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Ultra-Sensitive ctDNA Assay Significantly Improves Detection Rates for Early-Stage Lung Cancer

By LabMedica International staff writers
Posted on 27 Oct 2023
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Image: The Personalis NeXT Personal cancer assay is designed to detect and monitor residual and recurrent disease (Photo courtesy of 123RF)
Image: The Personalis NeXT Personal cancer assay is designed to detect and monitor residual and recurrent disease (Photo courtesy of 123RF)

The existing method for confirming a recurrence of non-small cell lung cancer (NSCLC), the most frequent form of lung cancer, largely relies on imaging techniques like CT scans, which have known limitations in terms of sensitivity. Now, initial findings from a groundbreaking lung cancer study mark a significant advancement in lung cancer circulating tumor DNA (ctDNA) detection and management.

Personalis, Inc. (Menlo Park, CA, USA) has developed the NeXT Personal cancer assay for identifying and monitoring minimal residual and recurrent disease (MRD). The assay has demonstrated considerably higher detection rates for early-stage lung cancer, including lung adenocarcinoma (LUAD), a subtype of NSCLC that is notably challenging to identify in blood tests. The NeXT Personal technology employs whole genome sequencing and advanced noise suppression technology called NeXT SENSE to isolate a distinct genetic signature from a patient's tumor. This signature, based on around 1,800 variants, is then monitored over time in the patient's blood to identify any recurring or residual cancer. The technology boasts an industry-leading sensitivity level that goes down to about 1 PPM, which opens up the possibility for earlier risk assessment, early detection, more accurate monitoring, and thus, a significant improvement in lung cancer management.

For the current analysis, NeXT Personal was used to identify and track MRD in over 170 patients who were part of the TRACERx lung cancer study group. The assay displayed significantly higher sensitivity in detecting early-stage NSCLC compared to findings reported in two earlier studies focused on the TRACERx cohort. Before surgical intervention, NeXT Personal demonstrated a 100% sensitivity rate for ctDNA in non-LUAD samples and an 81% sensitivity rate for LUAD. This represents up to a fourfold increase in pre-surgical sensitivity for early-stage LUAD compared to prior research, significantly enhancing the assay's ability to effectively monitor lung cancer.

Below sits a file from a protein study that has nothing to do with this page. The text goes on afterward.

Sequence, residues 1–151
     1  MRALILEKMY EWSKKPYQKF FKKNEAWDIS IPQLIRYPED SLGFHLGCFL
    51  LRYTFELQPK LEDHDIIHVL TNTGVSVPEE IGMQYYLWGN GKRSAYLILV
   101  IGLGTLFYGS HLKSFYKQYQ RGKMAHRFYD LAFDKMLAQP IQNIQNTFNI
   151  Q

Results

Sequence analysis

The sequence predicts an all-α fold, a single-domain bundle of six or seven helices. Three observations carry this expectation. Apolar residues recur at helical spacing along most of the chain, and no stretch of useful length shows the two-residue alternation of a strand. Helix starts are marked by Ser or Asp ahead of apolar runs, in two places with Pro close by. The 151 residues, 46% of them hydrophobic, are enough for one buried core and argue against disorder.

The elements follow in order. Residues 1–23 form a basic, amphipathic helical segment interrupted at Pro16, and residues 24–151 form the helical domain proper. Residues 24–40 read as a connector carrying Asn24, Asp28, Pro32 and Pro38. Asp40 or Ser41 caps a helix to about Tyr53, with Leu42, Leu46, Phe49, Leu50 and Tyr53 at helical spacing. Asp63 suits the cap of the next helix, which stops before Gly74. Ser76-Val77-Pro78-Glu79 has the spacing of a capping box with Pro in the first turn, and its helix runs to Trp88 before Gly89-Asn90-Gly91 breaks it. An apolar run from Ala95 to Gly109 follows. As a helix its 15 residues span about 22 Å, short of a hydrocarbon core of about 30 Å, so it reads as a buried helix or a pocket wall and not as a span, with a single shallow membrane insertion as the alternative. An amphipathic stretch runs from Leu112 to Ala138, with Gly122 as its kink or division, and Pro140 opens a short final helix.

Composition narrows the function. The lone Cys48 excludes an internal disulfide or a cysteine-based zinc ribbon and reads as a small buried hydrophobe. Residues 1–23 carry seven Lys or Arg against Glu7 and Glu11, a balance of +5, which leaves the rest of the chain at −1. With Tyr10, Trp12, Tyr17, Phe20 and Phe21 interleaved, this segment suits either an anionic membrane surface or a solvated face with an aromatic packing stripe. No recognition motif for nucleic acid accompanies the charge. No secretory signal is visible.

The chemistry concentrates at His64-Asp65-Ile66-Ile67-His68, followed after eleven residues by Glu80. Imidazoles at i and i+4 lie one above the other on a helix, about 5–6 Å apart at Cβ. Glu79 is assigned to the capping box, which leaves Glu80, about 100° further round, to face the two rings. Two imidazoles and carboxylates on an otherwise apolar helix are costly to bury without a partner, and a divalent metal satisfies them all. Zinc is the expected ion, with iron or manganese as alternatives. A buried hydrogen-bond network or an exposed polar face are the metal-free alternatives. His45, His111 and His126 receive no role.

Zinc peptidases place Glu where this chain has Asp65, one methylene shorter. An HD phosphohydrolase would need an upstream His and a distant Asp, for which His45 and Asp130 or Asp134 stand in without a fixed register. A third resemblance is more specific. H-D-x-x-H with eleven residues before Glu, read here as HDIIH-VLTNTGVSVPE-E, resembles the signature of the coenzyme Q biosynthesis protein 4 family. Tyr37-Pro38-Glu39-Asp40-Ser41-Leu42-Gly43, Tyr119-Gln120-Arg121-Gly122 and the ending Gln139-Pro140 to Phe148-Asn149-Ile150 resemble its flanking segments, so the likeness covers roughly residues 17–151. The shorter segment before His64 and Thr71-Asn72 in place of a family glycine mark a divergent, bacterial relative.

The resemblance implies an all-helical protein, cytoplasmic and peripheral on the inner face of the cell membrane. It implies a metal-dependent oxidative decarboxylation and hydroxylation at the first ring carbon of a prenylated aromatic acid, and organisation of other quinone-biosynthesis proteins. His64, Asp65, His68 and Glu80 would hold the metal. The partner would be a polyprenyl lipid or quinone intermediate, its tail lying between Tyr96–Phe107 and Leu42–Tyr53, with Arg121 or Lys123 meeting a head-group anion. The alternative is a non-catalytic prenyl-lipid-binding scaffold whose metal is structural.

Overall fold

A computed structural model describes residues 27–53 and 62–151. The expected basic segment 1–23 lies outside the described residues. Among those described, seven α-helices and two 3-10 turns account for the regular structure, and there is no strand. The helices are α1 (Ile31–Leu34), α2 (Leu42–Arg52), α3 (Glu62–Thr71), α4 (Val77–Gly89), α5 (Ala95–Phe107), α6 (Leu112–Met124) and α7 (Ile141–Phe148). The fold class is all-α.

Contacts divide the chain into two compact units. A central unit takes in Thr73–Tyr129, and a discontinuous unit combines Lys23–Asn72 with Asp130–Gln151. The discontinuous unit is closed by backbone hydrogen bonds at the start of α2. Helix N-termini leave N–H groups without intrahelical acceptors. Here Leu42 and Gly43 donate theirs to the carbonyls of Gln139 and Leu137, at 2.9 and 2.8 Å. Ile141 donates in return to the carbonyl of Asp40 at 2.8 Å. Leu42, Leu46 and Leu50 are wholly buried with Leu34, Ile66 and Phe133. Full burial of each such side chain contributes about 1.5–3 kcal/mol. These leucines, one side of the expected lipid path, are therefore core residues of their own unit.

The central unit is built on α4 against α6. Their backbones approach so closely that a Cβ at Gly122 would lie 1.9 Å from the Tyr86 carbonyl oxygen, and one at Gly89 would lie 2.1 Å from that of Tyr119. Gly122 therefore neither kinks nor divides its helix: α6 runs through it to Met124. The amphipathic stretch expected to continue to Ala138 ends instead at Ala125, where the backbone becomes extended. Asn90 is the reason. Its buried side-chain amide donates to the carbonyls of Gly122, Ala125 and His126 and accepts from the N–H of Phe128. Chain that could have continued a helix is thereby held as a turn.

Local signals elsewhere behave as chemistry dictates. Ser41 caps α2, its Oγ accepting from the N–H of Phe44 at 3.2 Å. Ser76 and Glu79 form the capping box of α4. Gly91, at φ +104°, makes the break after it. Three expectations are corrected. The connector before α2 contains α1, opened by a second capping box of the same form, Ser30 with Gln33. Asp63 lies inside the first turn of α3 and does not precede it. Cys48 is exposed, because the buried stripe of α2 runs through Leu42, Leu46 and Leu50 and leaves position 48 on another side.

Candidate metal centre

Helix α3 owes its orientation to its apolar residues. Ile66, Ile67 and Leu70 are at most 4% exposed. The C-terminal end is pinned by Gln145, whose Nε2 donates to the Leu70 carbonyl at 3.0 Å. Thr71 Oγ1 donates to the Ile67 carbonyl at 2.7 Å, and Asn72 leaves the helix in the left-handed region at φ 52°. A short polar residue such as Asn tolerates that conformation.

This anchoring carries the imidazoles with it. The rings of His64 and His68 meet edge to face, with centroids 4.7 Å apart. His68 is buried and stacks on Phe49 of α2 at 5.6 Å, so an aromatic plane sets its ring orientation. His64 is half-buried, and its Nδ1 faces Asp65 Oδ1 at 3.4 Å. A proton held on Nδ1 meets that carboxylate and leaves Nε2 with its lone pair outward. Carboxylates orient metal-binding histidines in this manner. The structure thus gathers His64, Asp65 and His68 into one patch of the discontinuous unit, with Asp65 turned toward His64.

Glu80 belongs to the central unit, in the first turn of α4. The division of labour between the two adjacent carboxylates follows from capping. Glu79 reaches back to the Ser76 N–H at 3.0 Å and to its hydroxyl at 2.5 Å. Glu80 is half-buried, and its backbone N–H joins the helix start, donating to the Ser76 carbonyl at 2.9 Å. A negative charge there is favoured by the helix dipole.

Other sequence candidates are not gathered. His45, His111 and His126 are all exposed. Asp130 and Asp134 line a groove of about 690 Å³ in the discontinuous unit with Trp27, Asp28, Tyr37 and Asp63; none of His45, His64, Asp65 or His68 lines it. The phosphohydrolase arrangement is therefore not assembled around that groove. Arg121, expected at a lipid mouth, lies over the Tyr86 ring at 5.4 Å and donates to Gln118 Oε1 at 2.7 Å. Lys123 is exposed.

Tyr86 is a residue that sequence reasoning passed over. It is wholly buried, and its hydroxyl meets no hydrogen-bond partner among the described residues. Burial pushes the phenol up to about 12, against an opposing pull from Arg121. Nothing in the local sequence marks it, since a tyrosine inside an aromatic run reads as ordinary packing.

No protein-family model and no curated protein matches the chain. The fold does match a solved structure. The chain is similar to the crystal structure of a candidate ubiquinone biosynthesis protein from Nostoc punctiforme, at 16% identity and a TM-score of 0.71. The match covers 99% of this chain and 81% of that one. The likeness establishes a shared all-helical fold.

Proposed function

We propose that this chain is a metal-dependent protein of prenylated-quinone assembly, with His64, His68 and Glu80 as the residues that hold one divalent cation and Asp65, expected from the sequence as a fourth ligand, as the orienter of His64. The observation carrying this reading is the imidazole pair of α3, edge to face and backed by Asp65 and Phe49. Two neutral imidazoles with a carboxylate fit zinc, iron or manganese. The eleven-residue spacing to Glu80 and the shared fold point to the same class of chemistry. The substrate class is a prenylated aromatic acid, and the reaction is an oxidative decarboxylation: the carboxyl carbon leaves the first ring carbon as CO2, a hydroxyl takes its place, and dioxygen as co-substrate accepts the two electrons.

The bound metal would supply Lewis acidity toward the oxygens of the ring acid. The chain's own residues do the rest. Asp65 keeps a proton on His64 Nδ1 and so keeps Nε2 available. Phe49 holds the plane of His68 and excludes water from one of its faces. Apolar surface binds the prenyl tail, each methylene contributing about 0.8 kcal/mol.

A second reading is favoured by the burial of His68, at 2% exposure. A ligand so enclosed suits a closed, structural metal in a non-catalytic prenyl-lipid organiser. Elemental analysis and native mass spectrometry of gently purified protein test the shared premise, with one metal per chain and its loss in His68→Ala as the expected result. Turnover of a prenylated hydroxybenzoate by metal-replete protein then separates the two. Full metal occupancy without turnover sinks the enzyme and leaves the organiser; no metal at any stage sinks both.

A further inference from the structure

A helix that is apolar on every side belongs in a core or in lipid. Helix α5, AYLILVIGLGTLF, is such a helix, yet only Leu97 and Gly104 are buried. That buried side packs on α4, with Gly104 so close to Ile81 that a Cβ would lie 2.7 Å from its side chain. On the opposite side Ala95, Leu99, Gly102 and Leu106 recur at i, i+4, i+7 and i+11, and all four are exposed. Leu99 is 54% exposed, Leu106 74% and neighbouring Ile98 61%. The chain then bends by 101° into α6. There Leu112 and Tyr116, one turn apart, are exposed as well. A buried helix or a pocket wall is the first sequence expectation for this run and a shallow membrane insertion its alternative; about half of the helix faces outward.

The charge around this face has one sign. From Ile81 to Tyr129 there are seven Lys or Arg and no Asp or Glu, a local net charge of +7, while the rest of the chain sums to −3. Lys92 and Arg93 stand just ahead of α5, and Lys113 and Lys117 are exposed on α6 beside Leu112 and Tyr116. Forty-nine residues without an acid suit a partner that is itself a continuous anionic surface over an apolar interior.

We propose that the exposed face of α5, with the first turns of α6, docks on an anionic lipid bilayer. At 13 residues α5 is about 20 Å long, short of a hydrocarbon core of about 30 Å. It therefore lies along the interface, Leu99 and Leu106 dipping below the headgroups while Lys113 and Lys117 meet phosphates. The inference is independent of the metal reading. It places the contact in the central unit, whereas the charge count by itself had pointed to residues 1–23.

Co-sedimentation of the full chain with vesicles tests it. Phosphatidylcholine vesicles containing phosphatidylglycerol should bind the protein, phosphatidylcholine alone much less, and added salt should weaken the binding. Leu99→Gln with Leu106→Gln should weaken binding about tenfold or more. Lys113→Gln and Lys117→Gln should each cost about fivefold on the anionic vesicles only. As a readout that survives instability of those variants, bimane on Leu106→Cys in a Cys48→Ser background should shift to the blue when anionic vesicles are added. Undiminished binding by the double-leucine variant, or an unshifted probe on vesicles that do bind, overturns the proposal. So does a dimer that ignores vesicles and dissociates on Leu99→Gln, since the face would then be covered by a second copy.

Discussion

The study also revealed that NeXT Personal could classify patients into groups with lower or higher risks of cancer recurrence based on pre-surgical ctDNA levels. This ultra-sensitive ctDNA detection capability was pivotal in assessing patient recurrence risk. For instance, patients with LUAD who had no detectable ctDNA before surgery showed an impressive 100% overall five-year survival rate and a 94% relapse-free survival rate. In contrast, those with detectable ctDNA faced a high risk of cancer recurrence over a five-year period.

Moreover, NeXT Personal allowed for earlier detection of residual or recurring lung cancer post-surgery. The data indicate a median lead time of around 6 to 11 months for ctDNA detection ahead of conventional imaging methods, and substantially longer than previous findings from the TRACERx study. This earlier detection can potentially facilitate quicker treatment interventions for patients at higher risk. Overall, the findings from the TRACERx study underscore the potential utility of NeXT Personal in guiding patient management from the pre-surgery phase through to post-operative care and long-term monitoring.

"Existing tests for lung cancer patients often fall short in detecting residual or recurrent cancer early,” said Richard Chen, MD, MS, Chief Medical Officer and Executive Vice President, R&D of Personalis. “Our NeXT Personal test is designed to change that by being significantly more sensitive. We are thrilled that the TRACERx results presented at ESMO demonstrated higher sensitivity for the most common types of early-stage lung cancer, including the most challenging subtypes. That sensitivity translated into a better understanding of recurrence risk for patients, and earlier detection of recurrence. We hope that earlier detection can ultimately be life-saving, offering patients a greater chance at successful treatment."

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